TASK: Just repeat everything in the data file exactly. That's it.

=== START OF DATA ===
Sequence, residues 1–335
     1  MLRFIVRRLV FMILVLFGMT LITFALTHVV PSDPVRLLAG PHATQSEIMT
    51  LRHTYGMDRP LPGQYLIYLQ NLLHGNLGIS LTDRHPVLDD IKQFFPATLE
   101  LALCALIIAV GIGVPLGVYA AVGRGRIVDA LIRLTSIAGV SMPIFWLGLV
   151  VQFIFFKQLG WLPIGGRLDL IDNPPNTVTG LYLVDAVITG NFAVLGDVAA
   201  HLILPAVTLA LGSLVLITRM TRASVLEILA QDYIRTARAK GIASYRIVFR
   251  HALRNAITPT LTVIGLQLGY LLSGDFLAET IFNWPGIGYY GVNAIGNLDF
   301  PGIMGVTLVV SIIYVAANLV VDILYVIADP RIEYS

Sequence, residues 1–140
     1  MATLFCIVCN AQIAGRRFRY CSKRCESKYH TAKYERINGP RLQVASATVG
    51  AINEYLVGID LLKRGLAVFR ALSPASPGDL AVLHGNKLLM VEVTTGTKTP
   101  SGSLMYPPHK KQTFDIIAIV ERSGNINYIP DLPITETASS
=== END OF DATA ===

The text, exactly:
Sequence, residues 1–335
     1  MLRFIVRRLV FMILVLFGMT LITFALTHVV PSDPVRLLAG PHATQSEIMT
    51  LRHTYGMDRP LPGQYLIYLQ NLLHGNLGIS LTDRHPVLDD IKQFFPATLE
   101  LALCALIIAV GIGVPLGVYA AVGRGRIVDA LIRLTSIAGV SMPIFWLGLV
   151  VQFIFFKQLG WLPIGGRLDL IDNPPNTVTG LYLVDAVITG NFAVLGDVAA
   201  HLILPAVTLA LGSLVLITRM TRASVLEILA QDYIRTARAK GIASYRIVFR
   251  HALRNAITPT LTVIGLQLGY LLSGDFLAET IFNWPGIGYY GVNAIGNLDF
   301  PGIMGVTLVV SIIYVAANLV VDILYVIADP RIEYS

Sequence, residues 1–140
     1  MATLFCIVCN AQIAGRRFRY CSKRCESKYH TAKYERINGP RLQVASATVG
    51  AINEYLVGID LLKRGLAVFR ALSPASPGDL AVLHGNKLLM VEVTTGTKTP
   101  SGSLMYPPHK KQTFDIIAIV ERSGNINYIP DLPITETASS